Stiffer penalties considered for transporting game birds
By Chris Casteel
Aimed at closing the loophole that allowed fighting birds to be raised in states where cockfighting is illegal, legislation passed by the House and Senate last year originally called for violations to be felonies. However, lawmakers who wrote the final version of the farm bill decreased the penalties to misdemeanors.
The law, which prohibits interstate transport and the exportation of birds trained to fight, is scheduled to go into effect in May.
Sen. Wayne Allard, R-Colo., who sponsored the original legislation, said, "It is time to bring parity to the laws and give law enforcement greater leverage to enforce the animal fighting provisions."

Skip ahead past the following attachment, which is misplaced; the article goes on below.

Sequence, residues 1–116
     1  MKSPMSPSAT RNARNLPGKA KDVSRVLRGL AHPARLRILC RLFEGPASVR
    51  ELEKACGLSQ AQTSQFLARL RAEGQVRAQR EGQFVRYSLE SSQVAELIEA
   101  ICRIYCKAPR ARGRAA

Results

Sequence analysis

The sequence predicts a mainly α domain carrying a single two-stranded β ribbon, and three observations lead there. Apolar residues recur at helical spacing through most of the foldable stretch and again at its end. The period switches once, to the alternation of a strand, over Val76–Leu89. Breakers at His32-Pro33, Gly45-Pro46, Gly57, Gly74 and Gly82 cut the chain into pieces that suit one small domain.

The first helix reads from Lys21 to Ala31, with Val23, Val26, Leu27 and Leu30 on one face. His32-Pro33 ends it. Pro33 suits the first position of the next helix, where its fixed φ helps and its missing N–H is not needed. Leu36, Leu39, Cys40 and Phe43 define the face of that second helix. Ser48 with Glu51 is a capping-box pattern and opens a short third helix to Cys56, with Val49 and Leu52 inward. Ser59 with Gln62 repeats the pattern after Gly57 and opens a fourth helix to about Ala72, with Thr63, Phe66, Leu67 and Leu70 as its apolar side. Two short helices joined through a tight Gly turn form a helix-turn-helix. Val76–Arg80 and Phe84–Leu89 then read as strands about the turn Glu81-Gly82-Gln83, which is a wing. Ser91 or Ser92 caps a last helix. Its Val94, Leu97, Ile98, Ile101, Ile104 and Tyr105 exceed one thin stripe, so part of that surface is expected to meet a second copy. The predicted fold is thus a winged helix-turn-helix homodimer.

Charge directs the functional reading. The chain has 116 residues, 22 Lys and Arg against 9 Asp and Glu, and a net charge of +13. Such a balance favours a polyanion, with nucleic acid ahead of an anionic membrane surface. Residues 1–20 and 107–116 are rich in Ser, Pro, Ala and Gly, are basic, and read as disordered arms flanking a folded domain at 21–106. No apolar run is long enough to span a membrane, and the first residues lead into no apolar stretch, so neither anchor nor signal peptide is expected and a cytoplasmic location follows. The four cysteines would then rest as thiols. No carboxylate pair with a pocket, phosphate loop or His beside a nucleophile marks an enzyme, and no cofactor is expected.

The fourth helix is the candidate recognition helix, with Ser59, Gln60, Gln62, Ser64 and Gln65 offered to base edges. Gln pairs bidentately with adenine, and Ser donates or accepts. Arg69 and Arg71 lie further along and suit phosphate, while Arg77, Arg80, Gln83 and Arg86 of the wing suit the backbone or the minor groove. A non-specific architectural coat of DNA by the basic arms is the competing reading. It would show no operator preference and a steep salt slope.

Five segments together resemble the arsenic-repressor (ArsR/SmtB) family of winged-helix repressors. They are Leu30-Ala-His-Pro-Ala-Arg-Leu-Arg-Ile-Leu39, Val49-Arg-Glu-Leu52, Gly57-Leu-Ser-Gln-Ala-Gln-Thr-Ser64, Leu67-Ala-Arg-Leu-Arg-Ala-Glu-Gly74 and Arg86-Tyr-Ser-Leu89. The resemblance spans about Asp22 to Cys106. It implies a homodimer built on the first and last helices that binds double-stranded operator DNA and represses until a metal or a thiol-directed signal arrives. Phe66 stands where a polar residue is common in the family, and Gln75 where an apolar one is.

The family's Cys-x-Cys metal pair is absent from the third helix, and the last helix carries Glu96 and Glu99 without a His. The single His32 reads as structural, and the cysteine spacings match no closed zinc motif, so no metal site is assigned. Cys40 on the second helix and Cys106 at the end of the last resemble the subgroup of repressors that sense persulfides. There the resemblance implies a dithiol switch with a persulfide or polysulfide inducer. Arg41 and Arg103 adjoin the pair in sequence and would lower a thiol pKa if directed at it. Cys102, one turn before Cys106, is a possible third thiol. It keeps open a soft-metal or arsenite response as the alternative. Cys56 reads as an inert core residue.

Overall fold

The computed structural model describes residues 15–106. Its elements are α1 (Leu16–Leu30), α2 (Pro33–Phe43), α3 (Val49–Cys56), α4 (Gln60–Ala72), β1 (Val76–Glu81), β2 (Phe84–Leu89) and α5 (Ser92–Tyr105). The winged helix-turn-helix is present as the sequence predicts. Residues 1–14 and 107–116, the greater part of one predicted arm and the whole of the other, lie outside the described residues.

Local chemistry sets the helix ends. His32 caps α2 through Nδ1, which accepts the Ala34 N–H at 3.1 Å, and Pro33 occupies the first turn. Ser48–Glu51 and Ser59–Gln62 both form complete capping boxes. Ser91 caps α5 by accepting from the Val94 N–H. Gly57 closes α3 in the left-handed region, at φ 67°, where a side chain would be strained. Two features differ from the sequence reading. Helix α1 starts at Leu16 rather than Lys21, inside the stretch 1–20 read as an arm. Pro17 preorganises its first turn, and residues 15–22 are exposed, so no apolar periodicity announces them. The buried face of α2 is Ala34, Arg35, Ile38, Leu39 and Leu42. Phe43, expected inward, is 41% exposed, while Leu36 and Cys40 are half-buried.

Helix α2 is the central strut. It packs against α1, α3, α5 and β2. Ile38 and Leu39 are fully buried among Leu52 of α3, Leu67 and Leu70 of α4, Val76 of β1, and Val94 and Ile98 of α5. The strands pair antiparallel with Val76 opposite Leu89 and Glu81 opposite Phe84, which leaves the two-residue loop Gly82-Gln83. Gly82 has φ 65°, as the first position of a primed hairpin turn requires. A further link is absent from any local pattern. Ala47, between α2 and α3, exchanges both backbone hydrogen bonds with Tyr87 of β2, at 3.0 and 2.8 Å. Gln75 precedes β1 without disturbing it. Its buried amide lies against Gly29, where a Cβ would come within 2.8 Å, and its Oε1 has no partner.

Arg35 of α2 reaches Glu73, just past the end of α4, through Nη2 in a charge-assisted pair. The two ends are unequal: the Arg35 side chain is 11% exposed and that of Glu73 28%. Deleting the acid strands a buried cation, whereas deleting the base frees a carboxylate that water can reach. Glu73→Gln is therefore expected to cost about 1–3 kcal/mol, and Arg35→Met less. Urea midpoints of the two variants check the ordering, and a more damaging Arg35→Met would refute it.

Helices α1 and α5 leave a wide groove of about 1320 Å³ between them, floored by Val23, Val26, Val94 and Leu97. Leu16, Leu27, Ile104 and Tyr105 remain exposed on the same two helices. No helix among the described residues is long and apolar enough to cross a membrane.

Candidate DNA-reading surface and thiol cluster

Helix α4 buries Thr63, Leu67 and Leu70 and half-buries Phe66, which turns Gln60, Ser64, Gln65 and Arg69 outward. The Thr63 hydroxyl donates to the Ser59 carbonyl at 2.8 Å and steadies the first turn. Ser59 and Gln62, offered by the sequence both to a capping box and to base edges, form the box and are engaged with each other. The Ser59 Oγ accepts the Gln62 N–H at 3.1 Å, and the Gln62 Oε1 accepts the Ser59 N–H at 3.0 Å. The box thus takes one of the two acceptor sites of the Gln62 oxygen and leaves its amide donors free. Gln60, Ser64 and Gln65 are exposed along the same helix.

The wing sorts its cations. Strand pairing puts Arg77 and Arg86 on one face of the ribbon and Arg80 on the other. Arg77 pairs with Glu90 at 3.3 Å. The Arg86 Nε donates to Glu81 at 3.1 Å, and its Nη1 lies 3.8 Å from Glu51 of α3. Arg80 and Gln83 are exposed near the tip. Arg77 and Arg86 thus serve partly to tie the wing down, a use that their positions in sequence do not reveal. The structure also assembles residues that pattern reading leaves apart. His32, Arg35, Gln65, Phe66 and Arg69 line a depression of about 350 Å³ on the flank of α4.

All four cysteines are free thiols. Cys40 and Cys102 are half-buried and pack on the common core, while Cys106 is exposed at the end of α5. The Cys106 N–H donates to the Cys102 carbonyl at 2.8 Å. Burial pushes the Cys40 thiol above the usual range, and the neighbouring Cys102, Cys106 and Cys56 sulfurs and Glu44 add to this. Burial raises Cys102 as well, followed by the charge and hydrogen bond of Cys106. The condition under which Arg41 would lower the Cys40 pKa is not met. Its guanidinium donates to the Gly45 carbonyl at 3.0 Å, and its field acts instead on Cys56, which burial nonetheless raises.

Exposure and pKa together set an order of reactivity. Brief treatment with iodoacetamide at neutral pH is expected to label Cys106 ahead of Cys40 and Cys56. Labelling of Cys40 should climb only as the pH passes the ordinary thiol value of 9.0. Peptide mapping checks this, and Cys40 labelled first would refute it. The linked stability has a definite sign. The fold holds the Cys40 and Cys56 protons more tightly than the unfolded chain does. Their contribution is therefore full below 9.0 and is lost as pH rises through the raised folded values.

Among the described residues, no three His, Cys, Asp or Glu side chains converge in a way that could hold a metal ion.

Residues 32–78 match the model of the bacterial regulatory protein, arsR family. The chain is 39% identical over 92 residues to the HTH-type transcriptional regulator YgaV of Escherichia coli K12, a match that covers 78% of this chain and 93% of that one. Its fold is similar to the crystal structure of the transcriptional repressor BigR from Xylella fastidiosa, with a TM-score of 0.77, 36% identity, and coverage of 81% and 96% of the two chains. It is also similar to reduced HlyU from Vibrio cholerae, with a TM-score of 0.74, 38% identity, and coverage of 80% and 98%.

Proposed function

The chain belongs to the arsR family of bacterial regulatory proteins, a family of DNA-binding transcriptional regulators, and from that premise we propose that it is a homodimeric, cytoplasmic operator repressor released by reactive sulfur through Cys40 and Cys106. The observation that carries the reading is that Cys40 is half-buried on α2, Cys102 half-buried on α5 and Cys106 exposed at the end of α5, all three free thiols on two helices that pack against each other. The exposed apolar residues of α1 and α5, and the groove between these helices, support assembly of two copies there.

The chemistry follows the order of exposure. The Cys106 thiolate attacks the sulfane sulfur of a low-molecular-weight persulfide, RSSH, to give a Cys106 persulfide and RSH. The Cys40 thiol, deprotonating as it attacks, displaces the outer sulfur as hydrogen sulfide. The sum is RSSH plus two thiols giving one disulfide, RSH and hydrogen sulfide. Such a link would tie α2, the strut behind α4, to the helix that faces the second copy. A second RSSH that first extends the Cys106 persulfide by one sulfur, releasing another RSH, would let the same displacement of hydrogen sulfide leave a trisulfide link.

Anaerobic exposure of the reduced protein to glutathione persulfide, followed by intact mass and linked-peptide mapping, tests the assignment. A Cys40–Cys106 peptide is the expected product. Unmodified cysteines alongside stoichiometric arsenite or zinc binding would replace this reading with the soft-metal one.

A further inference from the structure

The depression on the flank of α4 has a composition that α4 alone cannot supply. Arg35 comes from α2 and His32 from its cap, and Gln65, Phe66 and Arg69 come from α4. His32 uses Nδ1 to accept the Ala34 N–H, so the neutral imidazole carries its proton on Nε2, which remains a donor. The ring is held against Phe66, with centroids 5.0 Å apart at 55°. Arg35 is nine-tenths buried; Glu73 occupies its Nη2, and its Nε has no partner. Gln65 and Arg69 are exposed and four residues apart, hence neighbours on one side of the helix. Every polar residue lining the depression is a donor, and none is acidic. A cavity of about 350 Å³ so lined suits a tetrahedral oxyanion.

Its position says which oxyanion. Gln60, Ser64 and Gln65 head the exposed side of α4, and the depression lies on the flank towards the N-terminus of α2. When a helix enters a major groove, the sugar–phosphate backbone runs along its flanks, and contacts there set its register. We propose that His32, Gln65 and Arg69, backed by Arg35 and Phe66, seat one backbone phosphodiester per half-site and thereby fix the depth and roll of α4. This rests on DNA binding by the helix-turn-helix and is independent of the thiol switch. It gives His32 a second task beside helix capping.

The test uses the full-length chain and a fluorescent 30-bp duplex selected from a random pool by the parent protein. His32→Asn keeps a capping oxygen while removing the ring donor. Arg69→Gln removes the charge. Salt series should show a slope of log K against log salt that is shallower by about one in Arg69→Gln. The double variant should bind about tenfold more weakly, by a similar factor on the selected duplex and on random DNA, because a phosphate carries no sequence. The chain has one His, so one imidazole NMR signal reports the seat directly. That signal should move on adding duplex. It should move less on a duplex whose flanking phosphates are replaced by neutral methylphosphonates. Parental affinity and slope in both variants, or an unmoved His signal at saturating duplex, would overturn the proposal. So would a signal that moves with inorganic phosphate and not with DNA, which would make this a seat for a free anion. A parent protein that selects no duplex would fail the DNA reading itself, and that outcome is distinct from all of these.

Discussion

"As a veterinarian, I view animal fighting as an inherently cruel and inhumane practice."
Sens. John Ensign, R-Nev., and Maria Cantwell, D-Wash., are cosponsoring the bill.
Wayne Pacelle, senior vice president of the Humane Society of the United States, said, "Dogfighting and cockfighting are gruesome and barbaric activities that should receive no protection under the law. This legislation will put real teeth into the federal animal fighting law, and, if enacted, will go a long way toward wiping out these dreadful industries."
Oklahoma was one of three states where cockfighting was legal until voters approved a state question in November to ban the activity. The state question provided felony penalties for violators, but state legislators want to submit another ballot question reducing the penalties to misdemeanors. That effort has outraged those who organized the original petition drive to ban cockfighting.
According to the Humane Society, the federal bill
introduced Thursday also would ban the interstate shipment of sharp
metal implements designed specifically to be used in cockfights.